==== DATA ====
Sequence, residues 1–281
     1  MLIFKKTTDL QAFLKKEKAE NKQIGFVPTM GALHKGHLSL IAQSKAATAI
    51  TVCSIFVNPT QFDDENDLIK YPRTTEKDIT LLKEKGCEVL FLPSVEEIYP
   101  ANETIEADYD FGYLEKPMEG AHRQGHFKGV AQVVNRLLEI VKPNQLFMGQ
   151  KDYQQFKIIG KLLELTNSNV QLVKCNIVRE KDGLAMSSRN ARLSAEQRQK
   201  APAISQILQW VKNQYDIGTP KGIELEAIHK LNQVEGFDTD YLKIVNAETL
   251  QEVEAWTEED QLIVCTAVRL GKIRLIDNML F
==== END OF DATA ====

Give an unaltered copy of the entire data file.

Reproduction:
Sequence, residues 1–281
     1  MLIFKKTTDL QAFLKKEKAE NKQIGFVPTM GALHKGHLSL IAQSKAATAI
    51  TVCSIFVNPT QFDDENDLIK YPRTTEKDIT LLKEKGCEVL FLPSVEEIYP
   101  ANETIEADYD FGYLEKPMEG AHRQGHFKGV AQVVNRLLEI VKPNQLFMGQ
   151  KDYQQFKIIG KLLELTNSNV QLVKCNIVRE KDGLAMSSRN ARLSAEQRQK
   201  APAISQILQW VKNQYDIGTP KGIELEAIHK LNQVEGFDTD YLKIVNAETL
   251  QEVEAWTEED QLIVCTAVRL GKIRLIDNML F